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How does temperature affect the sound of a flute? — S

musicThe sound of a flute originates in the column of air inside it. As the flautist blows across the hole in the flute’s mouthpiece, the air column begins to vibrate in and out of the flute’s two main openings: the hole in its mouthpiece and the open end of its pipe. The pattern of open holes along the length of the flute complicates this vibration, but the basic idea remains the same: a column of trapped air is vibrating between two openings.

The nature of this vibration is fairly simple. The trapped air is elastic or “bouncy,” so that it opposes compressions or rarefactions in much the same way as a spring does. The vibrations that take place in this air involve air rushing toward the center of the flute pipe from both ends and then rush away from that center. This air motion repeats rhythmically, propelled by the air’s elastic nature. As air rushes toward the center of the pipe, the air there becomes denser and its pressure rises above atmospheric. That elevated pressure slows the inrushing air and soon turns it around. As air rushes away from the center of the pipe, the air there becomes less dense and its pressure drops below atmospheric. Once again the airflow slows and then turns around. This repetitive bouncing continues as long as the flautist’s breath keeps supplying the air column with energy.

The frequency of the vibration and the pitch the flute emits depend on the stiffness of the air and on its inertia. By stiffness, I mean how strongly the air column resists the inflow or outflow of air. By inertia, I mean how hard it is to change the speed and direction of the air’s motion. Stiffening the air column speeds up the vibration and raises both its frequency and its pitch. Increasing the air column’s inertia slows the vibration and lowers its pitch.

A short air column is naturally stiffer than a long one because the short column experiences a larger change in density and pressure for a given amount of added air. That’s why a shorter flute (one with more open holes or one that is replaced by a half-sized piccolo) emits higher pitched notes. And an air column that has less total mass (the measure of inertia) also emits higher pitched notes. Anything that reduces the mass of the air column without changing its stiffness will raise the flute’s pitch.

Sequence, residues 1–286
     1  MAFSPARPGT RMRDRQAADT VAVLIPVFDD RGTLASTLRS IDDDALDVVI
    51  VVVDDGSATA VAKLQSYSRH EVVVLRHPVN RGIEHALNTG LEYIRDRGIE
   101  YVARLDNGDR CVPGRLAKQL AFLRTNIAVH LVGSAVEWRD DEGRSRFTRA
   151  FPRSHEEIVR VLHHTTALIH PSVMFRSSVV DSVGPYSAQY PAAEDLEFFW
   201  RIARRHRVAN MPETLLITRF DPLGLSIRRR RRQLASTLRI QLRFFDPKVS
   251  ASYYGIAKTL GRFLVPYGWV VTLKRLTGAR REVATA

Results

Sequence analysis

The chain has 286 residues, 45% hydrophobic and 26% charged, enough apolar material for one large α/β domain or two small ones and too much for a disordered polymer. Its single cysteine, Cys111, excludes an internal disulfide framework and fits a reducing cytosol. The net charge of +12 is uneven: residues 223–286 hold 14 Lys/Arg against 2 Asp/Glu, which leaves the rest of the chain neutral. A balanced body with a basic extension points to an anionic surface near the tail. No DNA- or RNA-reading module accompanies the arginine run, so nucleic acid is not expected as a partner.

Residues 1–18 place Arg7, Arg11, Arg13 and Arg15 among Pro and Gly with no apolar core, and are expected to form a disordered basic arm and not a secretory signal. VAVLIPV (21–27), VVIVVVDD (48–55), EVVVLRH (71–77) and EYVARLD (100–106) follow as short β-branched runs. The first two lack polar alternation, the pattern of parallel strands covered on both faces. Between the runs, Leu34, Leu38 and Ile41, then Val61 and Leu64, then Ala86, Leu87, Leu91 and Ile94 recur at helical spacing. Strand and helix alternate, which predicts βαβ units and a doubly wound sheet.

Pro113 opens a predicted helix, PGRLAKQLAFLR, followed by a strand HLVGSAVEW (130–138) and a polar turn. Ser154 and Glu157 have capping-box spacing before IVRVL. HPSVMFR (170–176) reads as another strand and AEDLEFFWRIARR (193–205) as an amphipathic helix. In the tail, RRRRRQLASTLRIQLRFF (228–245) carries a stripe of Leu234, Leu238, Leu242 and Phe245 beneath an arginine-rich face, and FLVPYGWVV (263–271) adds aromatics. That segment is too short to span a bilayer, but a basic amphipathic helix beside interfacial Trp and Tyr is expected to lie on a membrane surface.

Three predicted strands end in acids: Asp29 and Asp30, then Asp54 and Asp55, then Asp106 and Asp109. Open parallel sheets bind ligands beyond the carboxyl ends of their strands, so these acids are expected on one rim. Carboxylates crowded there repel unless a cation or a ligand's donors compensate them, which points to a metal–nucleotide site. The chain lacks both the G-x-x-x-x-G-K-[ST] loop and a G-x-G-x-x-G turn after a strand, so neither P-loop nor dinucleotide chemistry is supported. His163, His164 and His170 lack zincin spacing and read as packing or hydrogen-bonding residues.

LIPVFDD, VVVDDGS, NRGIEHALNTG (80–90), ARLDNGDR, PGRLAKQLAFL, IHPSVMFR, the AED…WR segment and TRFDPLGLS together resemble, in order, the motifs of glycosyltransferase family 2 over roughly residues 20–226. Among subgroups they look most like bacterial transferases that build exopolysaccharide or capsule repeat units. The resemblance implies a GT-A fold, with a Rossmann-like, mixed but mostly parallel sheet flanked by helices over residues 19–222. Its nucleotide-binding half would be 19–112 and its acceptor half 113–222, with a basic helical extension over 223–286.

One way to lower the air column’s mass is to replace the air with helium. Since helium has such a low density, a flute full of helium will have a much higher pitch than one full of air. But there is a simpler way to decrease the air column’s mass: heat the air up. At atmospheric pressure, hot air is less dense than cold air. That’s because it takes fewer hot-air molecules to maintain atmospheric pressure than it does cold-air molecules. And with fewer air molecules in the flute, its air column has less mass and vibrates faster. Its pitch is higher.

One way to lower the air column’s mass is to replace the air with helium. Since helium has such a low density, a flute full of helium will have a much higher pitch than one full of air. But there is a simpler way to decrease the air column’s mass: heat the air up. At atmospheric pressure, hot air is less dense than cold air. That’s because it takes fewer hot-air molecules to maintain atmospheric pressure than it does cold-air molecules. And with fewer air molecules in the flute, its air column has less mass and vibrates faster. Its pitch is higher.

As a flute warms up during play, its pitch gradually rises and the flautist must lengthen it to keep its pitch steady. The mouthpiece slides along the main pipe and allows the overall pitch of the flute to change. Maintaining a steady temperature in a flute is part of the task of a skilled flautist, since changes in that temperature will shift the flute’s pitch and take it in or out of tune with the rest of the orchestra.

Answered by Lou A. Bloomfield of the University of Virginia.